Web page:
Services from all hyper-scale cloud providers like Microsoft are powered by massive datacenters that employ hundreds of thousands of servers, whose performance depends heavily on the quality of the network between them. Current datacenter networks include multiple layers of electrical packet switches interconnected through optical fibers. These systems require electrical-to-optical conversion, which increases cost and power overhead. To make things worse, growing data rates due to applications like AI and data analytics could concur with the slowdown of Moore's law which would make it extremely difficult to efficiently scale current network architectures relying on electrical chips.
Optical circuit switches (OCS) are emerging as an exciting option for overcoming bandwidth and scaling issues at datacenters. A particularly promising OCS architecture is wavelength switching where different servers are connected using different colors (wavelengths) of light leading to flatter network architecture and limiting the need for electrical switches and optical transceivers. Switching different wavelengths of light and routing signals to destination servers is done by a switching element, e.g. a glass prism through which different wavelengths can be separated by dispersion.
Although OCS technologies are commercially available today, they are extremely slow, which means they cannot handle increasingly bursty datacenter applications while properly utilizing network resources to reduce overheads and improve power consumption.
In a new paper published in Nature Communications, research teams led by Professor Tobias J. Kippenberg at EPFL and by Dr Hitesh Ballani at Microsoft Research Cambridge have successfully demonstrated ultrafast OCS for datacenters by using chip-based optics. The research teams have collaborated since 2018 as part of the Microsoft Swiss Joint Research Center.
In the proposed architecture, optical microcombs act as a multiwavelength source providing coherent carriers. Optical amplifiers and arrayed waveguide gratings based on semiconductor materials perform the switching and separate or combine the different colors of light respectively.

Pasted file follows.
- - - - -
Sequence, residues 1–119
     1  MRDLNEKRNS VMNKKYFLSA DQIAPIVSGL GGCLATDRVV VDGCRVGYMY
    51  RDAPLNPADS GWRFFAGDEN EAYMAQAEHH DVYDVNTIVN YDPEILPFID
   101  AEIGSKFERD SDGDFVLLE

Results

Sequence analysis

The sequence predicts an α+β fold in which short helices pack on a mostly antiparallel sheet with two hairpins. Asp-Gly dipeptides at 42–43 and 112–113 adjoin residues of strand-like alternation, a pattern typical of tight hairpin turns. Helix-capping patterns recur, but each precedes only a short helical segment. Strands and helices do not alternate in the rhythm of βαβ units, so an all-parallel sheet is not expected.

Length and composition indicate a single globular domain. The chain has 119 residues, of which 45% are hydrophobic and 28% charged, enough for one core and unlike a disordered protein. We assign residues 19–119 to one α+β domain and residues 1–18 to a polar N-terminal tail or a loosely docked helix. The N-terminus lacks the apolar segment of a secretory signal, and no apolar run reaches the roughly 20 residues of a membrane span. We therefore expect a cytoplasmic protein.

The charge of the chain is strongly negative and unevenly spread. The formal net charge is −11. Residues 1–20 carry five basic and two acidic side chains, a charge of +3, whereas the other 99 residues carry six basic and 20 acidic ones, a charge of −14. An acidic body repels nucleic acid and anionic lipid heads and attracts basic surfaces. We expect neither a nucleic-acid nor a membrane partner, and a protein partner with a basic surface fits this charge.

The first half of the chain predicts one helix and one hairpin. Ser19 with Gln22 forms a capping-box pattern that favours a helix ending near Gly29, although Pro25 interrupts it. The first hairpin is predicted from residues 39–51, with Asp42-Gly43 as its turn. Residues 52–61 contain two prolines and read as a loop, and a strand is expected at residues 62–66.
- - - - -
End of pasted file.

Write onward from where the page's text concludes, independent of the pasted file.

Optical microcombs, pioneered by Kippenberg’s group, provide hundreds of equidistantly spaced carriers that are suitable for many applications. The microcomb sources are generated through nonlinear frequency-conversion by using a chip-scale silicon nitride microresonator, presenting unique advantages in power and size over the laser arrays conventionally used as multi-wavelength sources.
Silicon nitride microresonators are fabricated using the photonic damascene process, a CMOS-compatible technique that features ultra-low propagation loss, which is extremely critical to make power-efficient microcomb sources.
The chip-scale indium phosphide-based optical amplifiers, fabricated using commercial foundries, perform the switching between different colors of light at sub-nanosecond timescales. This ultra-fast switching between different microcomb carriers is important for meeting the performance requirements of modern and future datacenter applications.
A proof-of-concept, system-level demonstration showed that data transmission with packet-by-packet switching can be achieved and hence, has the potential to meet the requirements of datacenter applications. Finally, the researchers present a unique architecture that employs a central comb system to improve power efficiency and reduce complexity.
“Soliton microcombs have been used in many key system-level applications such as LiDAR, long-haul data transmission, and optical coherence tomography since their discovery back in 2014,” says Kippenberg. “The potential use of microcombs in datacenters to meet future bandwidth requirements and reduce power consumption further consolidate the importance of this platform for scientific and technological applications.”
“We have been intrigued by the tremendous potential of optical microcombs so it was fantastic to be able to collaborate with the EPFL team on the application of their world-leading silicon nitride microcomb technology to potentially future-proof our data center networks,” says Ballani. “While there is a long way to go to be able to operate our architecture at scale, the rapidly improving performance of microcombs and other on-chip optical devices means that the performance gains could be even higher”. Paolo Costa, a co-author from Microsoft Research added that “this collaboration is a very good example of how we are re-imagining the future of our networks, from the ground-up, by both developing and leveraging bleeding-edge optical technologies with our academic partners.”
The silicon nitride samples were fabricated and grown in the Center of MicroNanoTechnology (CMi) at EPFL.